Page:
- requires countries to take appropriate measures to ensure to persons with disabilities access, on an equal basis with others, to ICTs, including assistive technologies. States that have ratified the CRPD agree to take measures to the maximum of their available resources to progressively achieve the full realization of the rights contained in the Convention. USFs are one mechanism that States can use to finance measures to ensure access to ICTs for persons with disabilities. Traditionally, USFs have been used to expand telephone and broadband networks into geographical areas that private telecommunication companies would otherwise view as unattractive for investment. However, advocates for PWDs have encouraged the redirection of these funds towards ensuring both universal service and access. Universal access recognizes that not only do remote, disadvantaged and vulnerable populations require an available connection to telecommunications, they must also be made accessible to persons with disabilities and other marginalized groups through the provision of the necessary skills, equipment and support.


Miami’s Big Caribbean Food Festival Is Back While this reshaping holds promise, USFs continue to encounter a variety of challenges across the world, including high levels of undisbursed funds, low transparency levels, and poor project design. This has led experts to encourage a cautious approach to their adoption for improving access to ICT for persons with disabilities and other marginalized groups. Building on these lessons, ECLAC Caribbean’s study will explore common challenges encountered by USFs in the Caribbean and will identify best practices and recommendations to support Caribbean governments to effectively use USFs for the benefit of persons with disabilities.

* Antigua and Barbuda (2016), The Bahamas (2015), Barbados (2013), Belize (2011), Cuba (2007), Dominica (2012), Dominican Republic (2009), Grenada (2014), Guyana (2014), Haiti (2009), Jamaica (2007), Saint Vincent and the Grenadines (2010), Suriname (2017), and Trinidad and Tobago (2015).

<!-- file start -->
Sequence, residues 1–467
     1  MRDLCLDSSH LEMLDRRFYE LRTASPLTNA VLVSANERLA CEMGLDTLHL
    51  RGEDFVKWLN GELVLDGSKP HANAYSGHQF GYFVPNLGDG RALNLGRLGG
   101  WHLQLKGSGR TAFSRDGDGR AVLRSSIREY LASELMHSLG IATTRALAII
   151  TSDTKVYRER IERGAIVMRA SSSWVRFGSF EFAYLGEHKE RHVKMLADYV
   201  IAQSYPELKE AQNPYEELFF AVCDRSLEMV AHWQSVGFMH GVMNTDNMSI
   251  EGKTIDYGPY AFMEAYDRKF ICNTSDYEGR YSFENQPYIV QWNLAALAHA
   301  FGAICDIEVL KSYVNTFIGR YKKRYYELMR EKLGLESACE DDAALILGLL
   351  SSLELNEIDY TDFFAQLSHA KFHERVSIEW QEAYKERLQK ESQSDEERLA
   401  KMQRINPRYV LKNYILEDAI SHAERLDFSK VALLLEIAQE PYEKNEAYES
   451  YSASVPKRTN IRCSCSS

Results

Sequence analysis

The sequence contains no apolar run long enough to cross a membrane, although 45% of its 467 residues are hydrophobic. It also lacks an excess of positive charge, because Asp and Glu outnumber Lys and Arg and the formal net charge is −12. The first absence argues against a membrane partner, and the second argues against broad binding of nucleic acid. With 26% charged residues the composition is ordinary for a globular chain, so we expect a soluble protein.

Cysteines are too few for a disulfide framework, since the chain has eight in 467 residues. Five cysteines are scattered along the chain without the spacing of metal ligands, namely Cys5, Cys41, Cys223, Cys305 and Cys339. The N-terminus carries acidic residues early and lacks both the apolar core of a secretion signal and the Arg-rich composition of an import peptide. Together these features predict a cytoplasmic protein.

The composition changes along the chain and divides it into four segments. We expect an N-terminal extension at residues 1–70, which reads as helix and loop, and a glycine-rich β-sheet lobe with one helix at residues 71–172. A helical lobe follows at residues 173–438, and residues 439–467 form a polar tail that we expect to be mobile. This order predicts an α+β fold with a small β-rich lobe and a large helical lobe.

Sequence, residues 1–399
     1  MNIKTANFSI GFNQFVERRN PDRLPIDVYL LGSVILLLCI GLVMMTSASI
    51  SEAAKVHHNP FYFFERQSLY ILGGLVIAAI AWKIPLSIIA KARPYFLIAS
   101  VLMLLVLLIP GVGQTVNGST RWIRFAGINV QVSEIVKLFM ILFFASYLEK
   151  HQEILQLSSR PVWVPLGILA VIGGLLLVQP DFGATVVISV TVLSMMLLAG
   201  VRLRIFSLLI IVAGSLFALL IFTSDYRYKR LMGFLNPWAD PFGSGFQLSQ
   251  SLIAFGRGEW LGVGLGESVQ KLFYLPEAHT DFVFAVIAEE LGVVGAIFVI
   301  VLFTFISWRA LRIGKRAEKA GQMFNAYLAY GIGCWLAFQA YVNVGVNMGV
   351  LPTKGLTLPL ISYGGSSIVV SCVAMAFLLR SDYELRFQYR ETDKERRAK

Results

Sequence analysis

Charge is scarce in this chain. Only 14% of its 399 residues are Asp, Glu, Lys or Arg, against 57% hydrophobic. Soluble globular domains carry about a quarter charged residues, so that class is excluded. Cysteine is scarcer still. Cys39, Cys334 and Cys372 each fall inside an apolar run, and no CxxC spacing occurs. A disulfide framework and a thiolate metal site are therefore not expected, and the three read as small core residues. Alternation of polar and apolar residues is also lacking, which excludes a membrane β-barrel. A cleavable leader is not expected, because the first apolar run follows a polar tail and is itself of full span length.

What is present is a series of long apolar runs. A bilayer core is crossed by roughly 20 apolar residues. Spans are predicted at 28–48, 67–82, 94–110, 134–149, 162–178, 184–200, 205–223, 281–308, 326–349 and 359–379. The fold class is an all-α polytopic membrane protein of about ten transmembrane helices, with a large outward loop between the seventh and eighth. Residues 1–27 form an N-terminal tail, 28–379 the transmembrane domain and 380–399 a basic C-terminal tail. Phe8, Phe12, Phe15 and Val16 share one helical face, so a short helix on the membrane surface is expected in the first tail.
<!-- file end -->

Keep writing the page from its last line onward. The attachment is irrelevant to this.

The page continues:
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iami’s biggest Caribbean food festival will be back again this year when Caribbean305 returns for its third edition on 22 June.

This year, the culinary and cultural celebration will take place at Mana Wynwood in the heart of Miami’s hippest neighborhood, with flavors from more than a dozen Caribbean destinations. Caribbean305 will feature chefs and mixologists from across the region, including The Bahamas, Barbados, Bonaire, Belize, the British Virgin Islands, the Cayman Islands, Grenada, Jamaica, Puerto Rico, Saint Lucia, Suriname, Trinidad and Tobago and Turks and Caicos. The food fete will be accompanied by live music from the region, from reggae to zouk to salsa, carnival dancers in full regalia and Caribbean tourism representatives on hand to give their top travel tips. “We look forward to our third edition of Caribbean305, which serves as a wonderful event to celebrate the region’s culture with some of the finest culinary talent available anywhere,” said Frank Comito, Director General and CEO of the Caribbean Hotel and Tourism Association, which produces the annual event. “This is the perfect event for foodies, Caribbean travelers as well as the Caribbean Diaspora,” Comito said.